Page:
Program Synopsis


CCA Focus Areas

CLIMATE INVESTMENTS: SB 535 Implementation

As original sponsors of SB 535 (De León), which ultimately passed in 2012 after 5 years of campaigning, we have been taking an active role in the implementation of this historic law, which requires some of the Greenhouse Gas Reduction Fund (GGRF) dollars (derived from the auctioning off of pollution allowances under AB 32) to flow to disadvantaged communities to reduce pollution and provide services and jobs. California now has an unprecedented opportunity to invest hundreds of millions of dollars annually in emissions-reducing programs in low-income communities of color that suffer the worst impacts of pollution, yet have the least resources with which to mitigate it. Successful implementation of SB 535 will deliver tangible benefits from the GGRF to underserved communities and build support for California’s climate policies.  CCA is joined in leading the advocacy for SB 535 implementation by The Greenlining Institute, Asian Pacific Environmental Network and Public Advocates, in a remarkably cohesive and effective coalition we call “the Quad.” We work together to ensure that the GGRF is successfully invested in accord with its original environmental justice intent. Because California did not have a pre-existing framework for determining how to make climate investments in disadvantaged communities, our engagement is crucial to ensuring that disadvantaged communities receive direct, meaningful and assured benefits.

SUSTAINABLE FREIGHT: California Cleaner Freight Coalition

Freight transportation is the single largest contributor to diesel particulate matter and nitrogen oxide emissions in California, and it disproportionately impacts low-income communities and communities of color. They suffer from higher rates of asthma, cancer and other illnesses. In 2012, CCA brought together a coalition of environmental justice, public health, science and mainstream environmental organizations for the purpose of creating transformational changes to the freight transportation system in California. This group is the California Cleaner Freight Coalition (CCFC). CCFC convinced the California Air Resources Board (ARB) to establish its Sustainable Freight Initiative. CCFC also published Moving California Forward, a technical report on greenhouse gas and air pollution emissions reduction opportunities from the freight sector. CCFC continues to work with the ARB and CalTrans to adopt far-reaching freight policies. CCFC is funded with grants from the Hewlett Foundation.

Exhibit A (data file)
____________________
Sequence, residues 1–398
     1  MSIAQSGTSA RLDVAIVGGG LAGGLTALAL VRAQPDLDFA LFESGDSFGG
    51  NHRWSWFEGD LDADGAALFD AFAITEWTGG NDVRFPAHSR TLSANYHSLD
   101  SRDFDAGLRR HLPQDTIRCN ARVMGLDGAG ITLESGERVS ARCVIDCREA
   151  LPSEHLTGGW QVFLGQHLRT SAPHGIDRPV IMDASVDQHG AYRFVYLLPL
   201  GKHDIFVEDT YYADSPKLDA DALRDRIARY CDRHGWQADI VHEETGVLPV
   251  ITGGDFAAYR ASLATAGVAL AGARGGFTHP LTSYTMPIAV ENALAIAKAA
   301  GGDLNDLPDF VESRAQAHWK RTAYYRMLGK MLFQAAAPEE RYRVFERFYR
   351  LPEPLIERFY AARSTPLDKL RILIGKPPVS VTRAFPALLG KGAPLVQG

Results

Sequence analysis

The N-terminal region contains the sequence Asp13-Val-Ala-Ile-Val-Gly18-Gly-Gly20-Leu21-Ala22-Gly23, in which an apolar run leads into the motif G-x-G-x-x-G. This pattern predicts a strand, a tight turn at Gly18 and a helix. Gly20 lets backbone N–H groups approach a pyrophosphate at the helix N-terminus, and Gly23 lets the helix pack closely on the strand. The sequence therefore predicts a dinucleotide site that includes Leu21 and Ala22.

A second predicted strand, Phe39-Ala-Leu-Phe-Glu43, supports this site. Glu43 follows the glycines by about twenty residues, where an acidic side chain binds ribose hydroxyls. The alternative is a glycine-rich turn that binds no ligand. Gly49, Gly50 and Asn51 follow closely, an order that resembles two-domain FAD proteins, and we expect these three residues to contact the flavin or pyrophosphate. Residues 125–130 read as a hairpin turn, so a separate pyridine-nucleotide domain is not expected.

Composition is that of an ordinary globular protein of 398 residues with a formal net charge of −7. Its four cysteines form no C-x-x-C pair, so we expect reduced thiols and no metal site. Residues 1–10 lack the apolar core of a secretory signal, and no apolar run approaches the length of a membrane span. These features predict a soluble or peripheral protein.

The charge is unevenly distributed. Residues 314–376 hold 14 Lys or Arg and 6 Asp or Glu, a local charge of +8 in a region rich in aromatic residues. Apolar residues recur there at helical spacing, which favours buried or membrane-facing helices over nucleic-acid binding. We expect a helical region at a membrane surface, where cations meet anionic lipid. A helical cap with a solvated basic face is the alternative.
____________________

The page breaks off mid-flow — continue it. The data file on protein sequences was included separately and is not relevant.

ELECTRIC VEHICLES: Charge Ahead California Campaign

The Charge Ahead California campaign aims to place one million electric cars, trucks and buses on California’s roads by 2023 to ensure that all Californians, especially lower- income households in communities most impacted by air pollution, benefit from these cleaner vehicles and zero tailpipe emissions. Transportation is the single largest source of greenhouse gas pollution in California, accounting for 38 percent of emissions. Four in ten Californians, more than in any other state, live close enough to a freeway or busy road that they may be at increased risk of asthma, cancer and other health hazards.[1]

Nearly twice as many Californians die from traffic pollution as from motor vehicle accidents.[2]

Accelerating the replacement of gasoline cars and dirty diesel trucks and buses with zero emission vehicles is critical to cleaning up the air in our state, particularly in communities historically exposed to a disproportionate share of pollution. CCA is joined in leading this effort by Communities for a Better Environment, Environment California, the Natural Resources Defense Council, and The Greenlining Institute. CCA was one of the sponsors of The Charge Ahead California Initiative (SB 1275), which was authored by Senate President pro Tem Kevin de Leόn and signed by Governor Brown in September 2014. This law will accelerate our state’s transition toward a clean economy by securing the funding needed to ensure California is the first state in the nation with one million electric vehicles, and by increasing access to clean transportation in disadvantaged communities through the establishment of equity programs, such as EV car-sharing in disadvantaged communities and scrap-and-replace vouchers enabling low and moderate-income drivers to trade in polluting vehicles for advanced clean cars.

[1]

Tony Barboza, One-fifth os U.S. lives near roads with higher air pollution, study says, Los Angeles Times, October 2, 2013.

[2]

5,726 annual premature deaths in California due to PM 2.5 and 209 from ozone (Fabio Caiazzo et al., Air pollution and early deaths in the United States, Athmospheric Environment 2013) compared to 3,081 traffic fatalities (Selected Detail Within Leading Causes of Death by Sex and Race/Ethnic Group, California Deparment of Pubic Health.)